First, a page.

• I understand <code> to suit only or primarily to singlelined code.
  • I understand <pre> to suit only or primarily to multilined code (but it has its own problems, evidently).

I’ll be glad to know if I’m wrong, in humbleness I learn.

If we could invent tags on the fly as possible with XML if I recall correctly (the sister language of HTML) this might have been a solution to my problem, was it not? :slight_smile:

In general yes, it looks like <code> is a bit like a <span> element that way, whereas <pre> really does mean pre-formatted in that it’s not going to do any formatting on top of whatever you give it (aside from the fact that it still parses it as html).

I don’t see how xml would help anything here by the way. If you have access to php I’d recommend the solution I just gave above.

Inventing a tag only works if something is there to interpret it on the other end. In this case, a browser, that is listening for HTML, and not ready to guess at what your tag is supposed to mean.

Javascript can handle it, PHP can handle it… you should be able to just ctrl-H and replace in selection in most text editors…

Yes, I get the point.

Well, I just tried, primarily for the sake of learning and experience, if not adventure, to invent a new tag there:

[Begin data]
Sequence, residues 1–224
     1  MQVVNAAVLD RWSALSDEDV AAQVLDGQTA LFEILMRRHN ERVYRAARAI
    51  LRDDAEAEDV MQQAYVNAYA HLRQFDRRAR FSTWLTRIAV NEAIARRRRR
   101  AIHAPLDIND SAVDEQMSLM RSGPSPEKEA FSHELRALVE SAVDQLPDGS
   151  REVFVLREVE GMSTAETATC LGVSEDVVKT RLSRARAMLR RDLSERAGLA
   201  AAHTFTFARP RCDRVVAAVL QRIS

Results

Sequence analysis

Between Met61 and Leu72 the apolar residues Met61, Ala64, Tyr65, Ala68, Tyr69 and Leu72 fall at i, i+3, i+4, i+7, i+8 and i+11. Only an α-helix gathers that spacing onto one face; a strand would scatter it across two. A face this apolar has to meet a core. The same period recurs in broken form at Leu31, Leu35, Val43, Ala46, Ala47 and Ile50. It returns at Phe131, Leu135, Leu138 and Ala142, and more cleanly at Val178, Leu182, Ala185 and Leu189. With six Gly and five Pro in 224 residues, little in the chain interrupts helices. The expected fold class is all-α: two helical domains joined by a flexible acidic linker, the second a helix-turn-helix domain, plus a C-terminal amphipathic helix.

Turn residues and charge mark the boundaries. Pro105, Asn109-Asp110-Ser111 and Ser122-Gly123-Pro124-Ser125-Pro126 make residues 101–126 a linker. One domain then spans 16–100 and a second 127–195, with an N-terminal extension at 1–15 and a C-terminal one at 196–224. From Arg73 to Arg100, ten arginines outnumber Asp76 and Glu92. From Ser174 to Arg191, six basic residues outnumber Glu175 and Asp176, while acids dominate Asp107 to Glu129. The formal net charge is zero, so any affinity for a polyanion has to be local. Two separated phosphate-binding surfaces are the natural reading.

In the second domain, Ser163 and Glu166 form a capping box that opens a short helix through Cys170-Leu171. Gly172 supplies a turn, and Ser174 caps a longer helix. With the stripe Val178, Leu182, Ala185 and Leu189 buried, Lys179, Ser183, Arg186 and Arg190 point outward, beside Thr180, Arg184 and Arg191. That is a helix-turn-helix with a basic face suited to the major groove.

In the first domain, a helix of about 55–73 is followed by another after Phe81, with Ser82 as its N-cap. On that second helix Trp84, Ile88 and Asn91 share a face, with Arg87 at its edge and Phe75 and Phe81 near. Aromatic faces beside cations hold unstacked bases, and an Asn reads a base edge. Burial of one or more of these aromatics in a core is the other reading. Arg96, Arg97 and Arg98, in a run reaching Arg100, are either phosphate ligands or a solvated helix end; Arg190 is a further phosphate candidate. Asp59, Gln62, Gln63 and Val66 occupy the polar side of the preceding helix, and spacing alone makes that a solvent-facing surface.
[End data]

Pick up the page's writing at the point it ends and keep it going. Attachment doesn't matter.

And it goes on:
<newpre></newpre>
and I gave it the exact same CSS directives that I gave for <pre></pre> tags.
Alas, it also, didn’t give me the expected result, but at least this time, after saving the webpage, the processed code didn’t break, it stayed the same in the source code of the webpage:

<newpre>
    <figure>
        <img src="img.jpg" alt="Some alternative text">
        <figcaption>
            Some text under the image
        </figcaption>
    </figure>
</newpre>

But, however nice is the fact that the HTML wasn’t postprocessed into being broken this time – the problem of not getting plain text persists so it’s not really a solution and I have to step back from it.

So,
What should I do in the end?
How could I finally show <figure></figure> data as plain text, but also in a multilined fashion?

Hello !

That’s what I thought in my sub consciousness – it acts like a <span> tag.

I didn’t manage to figure out what that solution is.
If you can still try to edit the above reply, adding some line breaks, markdown, etc, please do, but if you can’t please consider to publish a new general reply below with more line breaks, markdown, etc, explaining in a more stepped way what are you suggesting that me, or anyone else in a similar situation, would do.

A stepped approach like: Step A, step B, step C … Would help a lot.

It’s unclear to me what your goal is. You can have multiple lines in a <code> element just fine. What it doesn’t accept is block-level elements, which is what <figure> is.

Do you want the HTML in your pre tags to be rendered (show the image with a caption) or displayed as-is (so the browser displays the actual code, like the code blocks here)?